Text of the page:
I closed out my tour of duty in Musical Theater Land with Gigolo – A Cole Porter Review</b Concept by Paul Gilger. Gilger is a multiple threat, he builds buildings on the side, big ones. Ones you see in the paper. Ones that belong to rich people. But here he built a cleverly conceived show based on Cole Porter’s songs and the life of Porfirio “Rubi” Rubirosa (Google him with caution.) Tall and rather innocent looking Zack Nadolski plays Rubirosa, although that name is never mentioned on stage. He passes out roses to the women in his life (Melissa Minyard, Kelly Morris Rowan, Natalie Cordone, and Kayla Fischl). They represent various classes of women he’s been with: countesses, movie stars, wives (he had five, just not all at once) and countless wives of friends. Being a Song Cycle, there is no dialog, just Porter’s lyrics from well-known tunes (Let’s Do It, You’re the Top, and Night and Day) to more obscure works (Die A Little, Laziest Gal in Town.) There’s no moral judgment here, and he gets ALL the girls, but it’s a good excuse to sing our way thought the Porter song book and feel good about the journey.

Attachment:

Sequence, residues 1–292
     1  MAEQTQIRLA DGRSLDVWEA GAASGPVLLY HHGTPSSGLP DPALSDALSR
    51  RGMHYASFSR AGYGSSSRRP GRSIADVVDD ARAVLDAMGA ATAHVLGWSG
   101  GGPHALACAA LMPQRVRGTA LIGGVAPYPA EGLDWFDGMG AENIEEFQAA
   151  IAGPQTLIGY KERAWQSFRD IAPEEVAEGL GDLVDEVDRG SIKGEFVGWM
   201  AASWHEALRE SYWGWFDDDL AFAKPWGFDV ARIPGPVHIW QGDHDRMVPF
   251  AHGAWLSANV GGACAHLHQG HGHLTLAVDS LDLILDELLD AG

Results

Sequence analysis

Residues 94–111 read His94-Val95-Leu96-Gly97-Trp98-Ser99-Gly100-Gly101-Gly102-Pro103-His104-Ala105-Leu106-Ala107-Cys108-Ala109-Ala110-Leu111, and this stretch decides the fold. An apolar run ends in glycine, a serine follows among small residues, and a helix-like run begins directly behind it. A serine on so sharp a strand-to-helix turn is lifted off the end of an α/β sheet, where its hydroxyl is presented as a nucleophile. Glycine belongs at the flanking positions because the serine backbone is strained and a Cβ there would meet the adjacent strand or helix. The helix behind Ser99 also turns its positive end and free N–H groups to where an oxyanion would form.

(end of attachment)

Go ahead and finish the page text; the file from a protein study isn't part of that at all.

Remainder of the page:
Overall, this was an excellent festival with solid houses. Perhaps a copy of the scripts left about in the lobby would help us understand and appreciate the missing second acts, or perhaps spending more time on each story so it could get a full reading would reduce the disappointment I heard from some audience members asking, “What do you mean, we don’t get to see the ending?” That’s the reading process: sometimes you only get though the first act.

For more information on Winter Park Playhouse and the Florida Festival of New Musicals, please visit

Florida Festival of New Musicals (Act Two)